Since about 2017, I started paying my therapist out of pocket. I made more so I had to switch my Obamacare plan to a pricier one that wasn’t taken at the clinic. My therapist sees patients privately, so she was kind enough to work with me on a weekly fee that both honored her work and honored the fact that I wasn’t rolling in it, but also saw this as an investment I needed.

I pay about $1,000 in health related needs per month. $600 goes to therapy, the rest is my monthly general premium. This is very specific to the fact that I’m self-employed and don’t get health insurance through a company.

I allocate to therapy because for me it meant more to keep the relationship than to start anew with someone who was in-network. It’s a personal decision. If you’re just starting out, I recommend going with the route that will make you feel safest — for some that will be paying out of pocket, for others that will mean staying in network. Know that even when you do pay out of pocket, most therapists do work on a sliding scale and are open to meeting you where you are as much as they can.

How I use it in real life

In 2013, I used therapy as a life raft and each session was a goal post I had to make it to. I was struggling, incredibly depressed, and so in my grief that it was hard to function outside of it.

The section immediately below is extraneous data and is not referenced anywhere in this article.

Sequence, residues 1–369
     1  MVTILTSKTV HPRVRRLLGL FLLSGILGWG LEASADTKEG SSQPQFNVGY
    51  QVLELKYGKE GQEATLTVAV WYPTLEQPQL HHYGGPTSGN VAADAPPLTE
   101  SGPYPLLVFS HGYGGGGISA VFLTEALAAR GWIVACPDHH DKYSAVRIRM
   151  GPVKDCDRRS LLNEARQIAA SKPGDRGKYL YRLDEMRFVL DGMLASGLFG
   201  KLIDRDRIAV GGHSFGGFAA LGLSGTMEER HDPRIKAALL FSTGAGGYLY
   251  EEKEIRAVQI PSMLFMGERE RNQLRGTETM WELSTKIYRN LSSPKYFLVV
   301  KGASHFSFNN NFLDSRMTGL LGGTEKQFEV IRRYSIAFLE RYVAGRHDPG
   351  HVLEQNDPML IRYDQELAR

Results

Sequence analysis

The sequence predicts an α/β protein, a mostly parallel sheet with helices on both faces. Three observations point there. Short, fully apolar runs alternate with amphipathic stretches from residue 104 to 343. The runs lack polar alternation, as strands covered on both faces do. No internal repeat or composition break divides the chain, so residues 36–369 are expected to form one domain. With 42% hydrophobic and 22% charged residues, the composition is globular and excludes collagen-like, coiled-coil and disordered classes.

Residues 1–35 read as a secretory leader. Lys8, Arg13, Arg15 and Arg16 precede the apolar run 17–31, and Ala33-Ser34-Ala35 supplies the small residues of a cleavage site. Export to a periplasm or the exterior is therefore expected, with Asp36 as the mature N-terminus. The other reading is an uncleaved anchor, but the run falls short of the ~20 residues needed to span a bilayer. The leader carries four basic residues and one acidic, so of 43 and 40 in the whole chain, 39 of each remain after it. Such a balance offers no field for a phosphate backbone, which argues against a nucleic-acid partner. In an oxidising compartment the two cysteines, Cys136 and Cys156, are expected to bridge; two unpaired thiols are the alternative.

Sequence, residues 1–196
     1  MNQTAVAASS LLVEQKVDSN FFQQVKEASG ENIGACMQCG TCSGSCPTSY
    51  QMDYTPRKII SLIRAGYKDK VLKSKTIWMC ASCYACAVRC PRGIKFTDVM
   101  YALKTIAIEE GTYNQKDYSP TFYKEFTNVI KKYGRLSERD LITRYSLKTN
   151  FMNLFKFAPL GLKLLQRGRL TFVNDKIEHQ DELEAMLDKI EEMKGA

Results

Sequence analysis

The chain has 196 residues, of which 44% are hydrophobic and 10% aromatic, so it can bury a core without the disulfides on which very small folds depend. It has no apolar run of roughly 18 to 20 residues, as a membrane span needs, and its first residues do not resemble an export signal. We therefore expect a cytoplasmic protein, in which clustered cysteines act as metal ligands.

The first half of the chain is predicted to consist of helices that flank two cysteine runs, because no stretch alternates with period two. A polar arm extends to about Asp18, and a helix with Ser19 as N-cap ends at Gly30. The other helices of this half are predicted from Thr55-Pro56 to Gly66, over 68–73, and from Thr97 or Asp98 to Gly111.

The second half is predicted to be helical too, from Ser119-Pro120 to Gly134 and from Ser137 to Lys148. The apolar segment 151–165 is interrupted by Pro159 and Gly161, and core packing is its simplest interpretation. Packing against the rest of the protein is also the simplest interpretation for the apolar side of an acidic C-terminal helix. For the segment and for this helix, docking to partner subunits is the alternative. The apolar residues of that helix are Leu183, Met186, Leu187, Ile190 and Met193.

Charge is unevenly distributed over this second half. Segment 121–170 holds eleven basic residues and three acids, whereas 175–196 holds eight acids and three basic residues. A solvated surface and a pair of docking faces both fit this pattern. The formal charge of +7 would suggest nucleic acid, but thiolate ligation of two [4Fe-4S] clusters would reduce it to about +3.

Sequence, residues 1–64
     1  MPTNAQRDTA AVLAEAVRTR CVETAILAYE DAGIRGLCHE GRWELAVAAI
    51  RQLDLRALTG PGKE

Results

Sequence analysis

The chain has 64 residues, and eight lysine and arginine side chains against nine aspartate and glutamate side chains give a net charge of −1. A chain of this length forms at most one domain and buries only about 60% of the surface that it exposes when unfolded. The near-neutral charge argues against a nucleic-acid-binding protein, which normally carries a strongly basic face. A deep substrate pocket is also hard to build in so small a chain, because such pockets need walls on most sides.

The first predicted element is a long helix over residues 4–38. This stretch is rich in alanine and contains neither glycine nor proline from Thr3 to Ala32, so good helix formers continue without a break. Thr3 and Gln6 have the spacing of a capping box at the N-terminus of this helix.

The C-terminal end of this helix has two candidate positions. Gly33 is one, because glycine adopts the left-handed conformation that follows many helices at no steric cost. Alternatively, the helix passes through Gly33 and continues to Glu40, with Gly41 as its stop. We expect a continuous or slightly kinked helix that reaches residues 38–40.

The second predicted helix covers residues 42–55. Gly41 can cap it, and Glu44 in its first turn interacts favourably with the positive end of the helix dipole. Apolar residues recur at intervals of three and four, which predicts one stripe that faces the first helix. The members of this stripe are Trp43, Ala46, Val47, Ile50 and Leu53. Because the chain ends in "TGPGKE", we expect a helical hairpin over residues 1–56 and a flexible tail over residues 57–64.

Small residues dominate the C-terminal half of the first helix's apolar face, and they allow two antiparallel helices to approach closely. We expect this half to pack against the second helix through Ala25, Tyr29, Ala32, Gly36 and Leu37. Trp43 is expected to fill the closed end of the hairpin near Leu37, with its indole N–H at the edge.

Six years later, it’s still a life raft in some ways, but it’s also a resource and a safe space to go to, not just to run to. I’ve learned how to text and call my therapist even between sessions. This is really hard because I’ve never had a point of reference on how to call someone for help. I also have way more tools than I did back then, so unless I’m really struggling, I’m able to refer back to what I’ve learned to cope with things.

Progress along the way has been messy and this post could be miles long if I wanted it, but this felt like the most important parts to outline. As I’ve grown up so has my perception of therapy. I don’t expect it to solve all of my problems, but I do use it to remind me that I’m capable of creating safe spaces for myself, searching for calm, and finding new ways to tackle old habits or patterns.

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I write about grief and mental health. Founder @2DamnYoung.